Nus Ghani

This Thursday MPs must stand up for the Uyghurs – and British values

Uyghur men held in camps in north-west China. Estimates suggest more then one million Muslims are being held in such conditions. (Jewish News)
Uyghur men held in camps in north-west China. Estimates suggest more then one million Muslims are being held in such conditions. (Jewish News)

I was one of five MPs, sanctioned by the Chinese Communist Party (CCP). My sanction was likely a result of my work exposing the gross human rights abuses and enslavement of the Uyghur in Xinjiang, supported strongly by this paper and its readers. Over the last year, I have campaigned to have the Genocide/Alton/Ghani Amendment added to the Trade Bill, which would enable the UK to consider and determine genocide and therefore ensure we weren’t offering preferential trade agreements with countries committing genocide. And as a member of the Business, Energy and Industrial Strategy Select Committee, I launched an inquiry examining the horrific levels of Uyghur slave labour in UK supply chains.

The sanctions were a move not just to intimidate us as politicians, but also an attempt to stifle the free and open debate that is at the heart of our parliamentary democracy. It has not worked. Instead, it has backfired and shown that the CCP fundamentally misunderstood how western democracies and MPs conduct themselves. Both the Prime Minister and Foreign Secretary have condemned the sanctions, and MPs from all parties in the UK and from countries all over the world got in touch to offer solidarity and start a global movement to speak of the horrors perpetrated against the Uyghurs and try to end this nightmare.

And it is a nightmare. Survivors, reporters and leaked CCP databases and speeches paint a harrowing picture: mass incarceration, systematic rape, mass sterilisation, separation of children from their families, desecration of Islamic holy sites and deliberate attempts to destroy Uyghur culture. We have seen satellite imagery of ‘re-education camps’ being constructed, contracts posted online showing the purchasing of Uyghur forced labour, and databases noting the birth rate has dropped by 84% as women are forcibly sterilised throughout the region.

As the Board of Deputies of British Jews noted: “nobody [can] fail to notice the similarities between what is alleged to be happening in the People’s Republic of China today and what happened in Nazi Germany 75 years ago: People being forcibly loaded on to trains; beards of religious men being trimmed; women being sterilised; and the grim spectre of concentration camps”.

The reports of gross human rights abuses in Xinjiang have led three countries, the United States, Canada and the Netherlands, to examine the evidence and then declare in some form that genocide is taking place in the region. Two others, Belgium and Lithuania, are having their own debates on this matter imminently.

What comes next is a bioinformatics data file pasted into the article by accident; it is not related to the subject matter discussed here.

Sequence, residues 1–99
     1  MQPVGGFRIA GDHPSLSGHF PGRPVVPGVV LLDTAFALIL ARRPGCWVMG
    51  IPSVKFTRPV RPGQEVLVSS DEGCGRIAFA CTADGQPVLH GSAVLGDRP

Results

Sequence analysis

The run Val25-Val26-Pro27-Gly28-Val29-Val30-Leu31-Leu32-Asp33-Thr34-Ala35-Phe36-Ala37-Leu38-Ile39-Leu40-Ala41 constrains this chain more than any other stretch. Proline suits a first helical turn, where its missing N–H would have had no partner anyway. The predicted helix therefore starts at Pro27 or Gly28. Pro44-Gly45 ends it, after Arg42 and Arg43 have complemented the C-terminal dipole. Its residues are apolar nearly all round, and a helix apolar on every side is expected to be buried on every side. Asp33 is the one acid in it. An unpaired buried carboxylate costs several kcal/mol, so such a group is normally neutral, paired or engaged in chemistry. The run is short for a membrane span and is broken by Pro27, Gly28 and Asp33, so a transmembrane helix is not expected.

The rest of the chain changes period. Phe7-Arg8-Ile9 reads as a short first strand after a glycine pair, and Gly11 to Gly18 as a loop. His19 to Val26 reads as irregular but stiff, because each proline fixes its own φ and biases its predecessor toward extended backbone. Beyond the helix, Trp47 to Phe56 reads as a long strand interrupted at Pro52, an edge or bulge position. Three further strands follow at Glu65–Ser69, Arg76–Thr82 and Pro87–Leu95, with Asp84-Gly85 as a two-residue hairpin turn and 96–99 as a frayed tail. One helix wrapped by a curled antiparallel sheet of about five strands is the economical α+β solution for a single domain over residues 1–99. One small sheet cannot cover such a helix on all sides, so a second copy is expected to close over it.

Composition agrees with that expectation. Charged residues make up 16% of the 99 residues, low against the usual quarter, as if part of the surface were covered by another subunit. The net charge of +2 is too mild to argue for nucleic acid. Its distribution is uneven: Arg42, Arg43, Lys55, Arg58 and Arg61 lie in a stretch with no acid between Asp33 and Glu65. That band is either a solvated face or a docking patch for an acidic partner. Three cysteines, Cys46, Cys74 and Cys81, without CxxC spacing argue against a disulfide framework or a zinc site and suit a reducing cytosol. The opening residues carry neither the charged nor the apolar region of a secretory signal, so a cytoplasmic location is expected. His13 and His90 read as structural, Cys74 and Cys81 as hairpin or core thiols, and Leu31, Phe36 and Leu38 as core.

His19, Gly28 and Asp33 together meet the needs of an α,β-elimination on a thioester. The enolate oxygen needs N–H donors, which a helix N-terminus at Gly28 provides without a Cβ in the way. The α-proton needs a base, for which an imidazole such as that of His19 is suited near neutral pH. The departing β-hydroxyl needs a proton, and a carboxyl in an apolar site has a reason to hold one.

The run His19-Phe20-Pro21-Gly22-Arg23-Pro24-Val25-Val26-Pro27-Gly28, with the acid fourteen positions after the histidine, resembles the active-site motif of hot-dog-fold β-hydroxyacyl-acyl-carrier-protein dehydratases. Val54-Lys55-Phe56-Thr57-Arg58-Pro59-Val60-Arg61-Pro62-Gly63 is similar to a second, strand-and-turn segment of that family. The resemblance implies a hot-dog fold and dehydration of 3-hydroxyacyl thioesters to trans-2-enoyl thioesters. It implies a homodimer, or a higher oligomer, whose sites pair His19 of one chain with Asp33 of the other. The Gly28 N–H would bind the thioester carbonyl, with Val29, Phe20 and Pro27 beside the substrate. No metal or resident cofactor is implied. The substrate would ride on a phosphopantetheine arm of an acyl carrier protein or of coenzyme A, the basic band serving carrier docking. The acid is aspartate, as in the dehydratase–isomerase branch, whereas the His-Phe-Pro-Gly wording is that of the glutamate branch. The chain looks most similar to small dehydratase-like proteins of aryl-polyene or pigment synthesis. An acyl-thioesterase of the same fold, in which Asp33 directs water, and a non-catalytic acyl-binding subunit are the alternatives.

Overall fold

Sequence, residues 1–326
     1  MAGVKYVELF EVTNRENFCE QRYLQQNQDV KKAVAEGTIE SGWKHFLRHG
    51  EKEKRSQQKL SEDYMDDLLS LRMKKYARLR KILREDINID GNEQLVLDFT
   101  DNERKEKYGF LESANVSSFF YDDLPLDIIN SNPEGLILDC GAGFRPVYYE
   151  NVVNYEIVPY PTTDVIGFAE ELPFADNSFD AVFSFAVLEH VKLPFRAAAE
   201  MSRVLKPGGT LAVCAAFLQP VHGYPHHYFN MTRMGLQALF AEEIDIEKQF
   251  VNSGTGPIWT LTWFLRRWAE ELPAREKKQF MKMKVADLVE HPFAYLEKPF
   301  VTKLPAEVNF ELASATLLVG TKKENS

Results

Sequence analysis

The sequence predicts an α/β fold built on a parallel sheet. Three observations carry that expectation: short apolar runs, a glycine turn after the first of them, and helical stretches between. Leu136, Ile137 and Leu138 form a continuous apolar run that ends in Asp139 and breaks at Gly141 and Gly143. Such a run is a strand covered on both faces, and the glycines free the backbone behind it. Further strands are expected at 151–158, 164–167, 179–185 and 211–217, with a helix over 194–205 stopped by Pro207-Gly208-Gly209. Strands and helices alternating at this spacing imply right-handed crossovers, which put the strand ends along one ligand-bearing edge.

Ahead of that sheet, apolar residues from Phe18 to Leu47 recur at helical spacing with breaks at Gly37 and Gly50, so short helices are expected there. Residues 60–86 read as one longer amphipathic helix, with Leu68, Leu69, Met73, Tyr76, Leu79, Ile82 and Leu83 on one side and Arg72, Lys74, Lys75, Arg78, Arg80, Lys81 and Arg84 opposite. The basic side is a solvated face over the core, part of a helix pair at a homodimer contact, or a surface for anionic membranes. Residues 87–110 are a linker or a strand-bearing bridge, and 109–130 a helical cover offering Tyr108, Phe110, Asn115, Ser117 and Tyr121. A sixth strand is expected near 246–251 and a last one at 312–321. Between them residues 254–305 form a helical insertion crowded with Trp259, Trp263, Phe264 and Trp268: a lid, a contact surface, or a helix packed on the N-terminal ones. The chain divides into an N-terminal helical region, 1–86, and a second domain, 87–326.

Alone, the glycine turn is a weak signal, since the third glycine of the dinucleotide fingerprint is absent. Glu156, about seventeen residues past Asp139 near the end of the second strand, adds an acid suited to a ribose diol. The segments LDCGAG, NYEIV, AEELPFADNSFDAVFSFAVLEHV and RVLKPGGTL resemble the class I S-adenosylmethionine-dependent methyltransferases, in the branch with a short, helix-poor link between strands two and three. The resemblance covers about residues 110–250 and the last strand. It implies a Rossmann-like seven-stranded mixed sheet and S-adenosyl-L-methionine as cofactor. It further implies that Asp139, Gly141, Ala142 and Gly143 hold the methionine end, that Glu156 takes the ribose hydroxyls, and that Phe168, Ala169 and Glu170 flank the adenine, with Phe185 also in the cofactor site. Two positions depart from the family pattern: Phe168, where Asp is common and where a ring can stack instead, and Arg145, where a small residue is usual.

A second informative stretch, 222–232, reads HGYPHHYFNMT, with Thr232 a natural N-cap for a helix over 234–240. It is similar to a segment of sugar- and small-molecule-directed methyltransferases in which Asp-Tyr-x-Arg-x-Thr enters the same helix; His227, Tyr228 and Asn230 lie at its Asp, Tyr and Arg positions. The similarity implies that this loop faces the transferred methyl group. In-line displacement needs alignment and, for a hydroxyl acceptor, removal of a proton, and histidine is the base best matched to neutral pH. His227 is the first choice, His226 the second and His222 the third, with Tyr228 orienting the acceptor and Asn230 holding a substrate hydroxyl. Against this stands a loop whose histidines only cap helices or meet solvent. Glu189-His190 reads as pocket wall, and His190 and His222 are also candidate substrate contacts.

Over fifty years ago the UK signed up to the United Nations Genocide Convention. It was the first human rights treaty adopted by the General Assembly, designed to ensure that atrocities like the Holocaust could “never again” take place. So why have we not acted?

The UK position has always been that the Government can only define an incident as a genocide if this has been determined in the International Criminal Court (ICC). The only way anything gets to the ICC is if the UN Security Council sends it there, and China and Russia have the power to veto anything the UN Security Council does. This has led to a frozen UN, completely unable to hold the CCP to account for its horrific actions in Xinjiang.

That’s why on Thursday I am leading a motion which will give our Parliament a chance to interrogate the evidence emerging from Xinjiang, and declare it to be genocide should it see fit. This will also be a chance for Parliament to let the CCP know what it thinks of its attempts to silence the House through sanctions and intimidation.

Nus Ghani holding the Uyghur petition signed by 150 Parliamentarians

In the 75 years since the Nuremberg trials, the UK and the UN have never succeeded in recognising a genocide while it was ongoing. We now have a chance to put that right and call the situation in Xinjiang what it is: a genocide. And we will not be doing this alone. Instead, we will be standing shoulder to shoulder with our allies, and on the right side of history. This is a chance for us to put Global Britain’s values firmly on the map, and live up to the international obligations to investigate and prevent an ongoing genocide.

I am grateful for the support from Jewish News and rest assured I wont be silenced on speaking up and will wear these sanctions as a badge of honour. My focus is on ensuring when when we say ‘never again’, we can mean it.

About the Author
Nusrat Ghani is the Conservative MP for Wealden
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